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JVFORTAXT YOTICF TO lYMAYK.
Preliminary to the usual sprint* annuity
payment there will be the customary vac
cination of all Indians who have never had
smallpox or have not evidence of recent
successful vaccination. This is necessary
in compliance with Indian Office Circular
No. 84:*. dated April 1, 1014, which is re
printed below for the information and
guidance of all concerned
Washington, April 1, 1014.
It is leported that in nearly every school
and agency there are pupils and employees
who have wwv been vaccinated Several
cases of smallpox have arisen in the schools
on account of this neglect, giving rise to
considerable expense, annoyance, and in
terruption of school routine.
You are directed to see that all pupils
and employees who fail to present evidence
of a successful vaccination within the past
live \ears are vaccinated at once1.
connection your attention is directed to 170
to 1S( inclusive, of the Rules for the In
dian School Sen ice which should be strict
ly complied with.
A thorough and systematic examination
of all Indians under \our jurisdiction
should be made, and those not presenting
evidence of satisfactory vaccination during
"the five-year peno'd precedTn^shoiiid Te
vaccinated. Exception should be made in
case they have had smallpox.
A report should be made at an early dale
of the number of pnpifx, employees and
Indians examined, the results of the exam
ination, and the action taken.
Immediate compliance with tiles,* direc
tions is requested."
Vaccine has been ordered and will be
hoie itliin a few days. In less than a week
we will be able to take care of you. Even
person who has not been vaccinated and
with a lesulting "take" or sore arm within
the prewous five \ears, or who has not had
smallpox is requested to come to the doctor'*
oil ice at once and have the matter attended
to piompth, preferably before payment be
gins. Otherwise, if \ou cause a dola\ in
.receiving checks when payment is begun
you will ha\e no one to blame but yourself.
The records before V.WA are somewhat hazy,
but it is known that there are about per
sons resident upon the reservation who
liine n^YW been vaccinated, were vaccinated
long ago. or JK'ver had smallpox. Each
adult and each head of a family knows
whether or not they are included in this list,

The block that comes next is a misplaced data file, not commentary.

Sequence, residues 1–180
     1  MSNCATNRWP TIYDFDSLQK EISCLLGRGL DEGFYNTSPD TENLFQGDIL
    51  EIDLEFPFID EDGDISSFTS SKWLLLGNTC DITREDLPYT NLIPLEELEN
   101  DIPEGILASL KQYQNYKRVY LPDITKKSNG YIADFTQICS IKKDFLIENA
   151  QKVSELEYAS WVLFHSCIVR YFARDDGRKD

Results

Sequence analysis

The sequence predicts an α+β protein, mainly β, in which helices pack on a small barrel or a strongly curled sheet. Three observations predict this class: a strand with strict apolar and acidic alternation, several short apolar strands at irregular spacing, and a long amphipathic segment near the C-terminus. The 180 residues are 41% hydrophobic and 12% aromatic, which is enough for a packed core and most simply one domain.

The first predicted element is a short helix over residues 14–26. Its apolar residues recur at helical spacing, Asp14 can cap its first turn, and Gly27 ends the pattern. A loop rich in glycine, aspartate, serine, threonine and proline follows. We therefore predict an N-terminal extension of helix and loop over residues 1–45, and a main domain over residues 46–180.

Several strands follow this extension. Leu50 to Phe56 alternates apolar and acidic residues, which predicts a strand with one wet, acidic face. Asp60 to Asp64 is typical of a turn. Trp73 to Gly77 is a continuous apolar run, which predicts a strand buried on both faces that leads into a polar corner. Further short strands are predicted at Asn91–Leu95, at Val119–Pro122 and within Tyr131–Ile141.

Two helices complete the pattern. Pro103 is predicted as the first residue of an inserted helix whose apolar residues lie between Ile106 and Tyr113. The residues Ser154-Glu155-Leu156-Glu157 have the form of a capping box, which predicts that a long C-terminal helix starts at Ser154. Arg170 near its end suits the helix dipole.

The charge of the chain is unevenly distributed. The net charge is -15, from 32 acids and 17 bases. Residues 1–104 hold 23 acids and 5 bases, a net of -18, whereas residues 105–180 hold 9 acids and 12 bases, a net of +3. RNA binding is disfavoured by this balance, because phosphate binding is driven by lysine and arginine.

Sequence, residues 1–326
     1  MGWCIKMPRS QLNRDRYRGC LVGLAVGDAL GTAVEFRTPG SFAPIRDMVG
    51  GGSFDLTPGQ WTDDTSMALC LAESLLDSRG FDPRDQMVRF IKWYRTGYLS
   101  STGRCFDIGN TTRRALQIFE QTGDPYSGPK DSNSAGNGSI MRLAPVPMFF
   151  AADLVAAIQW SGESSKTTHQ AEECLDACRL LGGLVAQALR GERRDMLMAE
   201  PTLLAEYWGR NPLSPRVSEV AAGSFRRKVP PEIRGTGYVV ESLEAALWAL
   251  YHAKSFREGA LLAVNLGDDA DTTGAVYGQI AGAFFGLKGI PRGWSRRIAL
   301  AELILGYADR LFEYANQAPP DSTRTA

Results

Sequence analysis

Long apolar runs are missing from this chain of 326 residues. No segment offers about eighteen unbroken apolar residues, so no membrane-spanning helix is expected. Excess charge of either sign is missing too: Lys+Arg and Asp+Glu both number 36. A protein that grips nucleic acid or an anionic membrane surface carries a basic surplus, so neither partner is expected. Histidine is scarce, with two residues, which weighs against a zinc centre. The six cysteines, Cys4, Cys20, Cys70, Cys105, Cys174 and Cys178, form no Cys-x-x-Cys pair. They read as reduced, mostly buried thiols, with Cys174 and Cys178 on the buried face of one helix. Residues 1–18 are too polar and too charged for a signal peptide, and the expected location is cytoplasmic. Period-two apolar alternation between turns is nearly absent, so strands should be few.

and if so, should come early and avoid the
unpleasantness of having to wait or causing
delay to otheis at pa\ment time.
The value of It in protected from small
pox should need no discussion on this re
servation, especially when even adult can
readih recall the misery and suffering
.which occured heie about 14 years ago.
Ask any of the :\'2~t persons now living here
who had the disease at that time and see
what they have to say. It is true that the
disease does not show itself so deadly as a
RE LAK E NEW S
rule in recent years, but it is only because
repeated vaccinations have prevented or
modified the disease, and it is indeed fair
to presume that a certain amount of pro
tection is transmitted to the children of
those who have been repeatedly vaccinated
or who have had the disease in some form.
VUOV h/JL/JJY \/JN COYFTFI) AL-
Washington, Feb. 2'.\.The appointment
of Victor M. Kelly of Durant, Ok., as foot
ball coach and athletic instructor at the
Carlisle Indian School was announced to
day by Cato Sells, Commissioner of Indian
Affairs. The appointee, better known as
"Choc" Kelly, from the fact that he is a
Choctaw Indian, was formerly with the
Texas Agricultural and .Mechanical College
and holds a record for work as a quarter
back there. He succeeds ''Pop" "Warner
well known in the sporting world as a foot
Kelly was liberally indorsed from Okla
homa and Texas.
"Chor" Kelly's appointment as athletic
director at the Carlisle Indian School will
doubtless be received with great pleasure by
his numerous friends in Texas. Kelly was
a gridiron star jn this state for a number of
years and was always considered one of the
hardest, grittest and cleverest of the quar
terbacks who have ever played in Texas.
"Choc" said that his greatest ambition had
been realized when the A. M. team, piloted
by him, defeated the University of Texas
in Houston in 1908 by a score of 2:} to 0.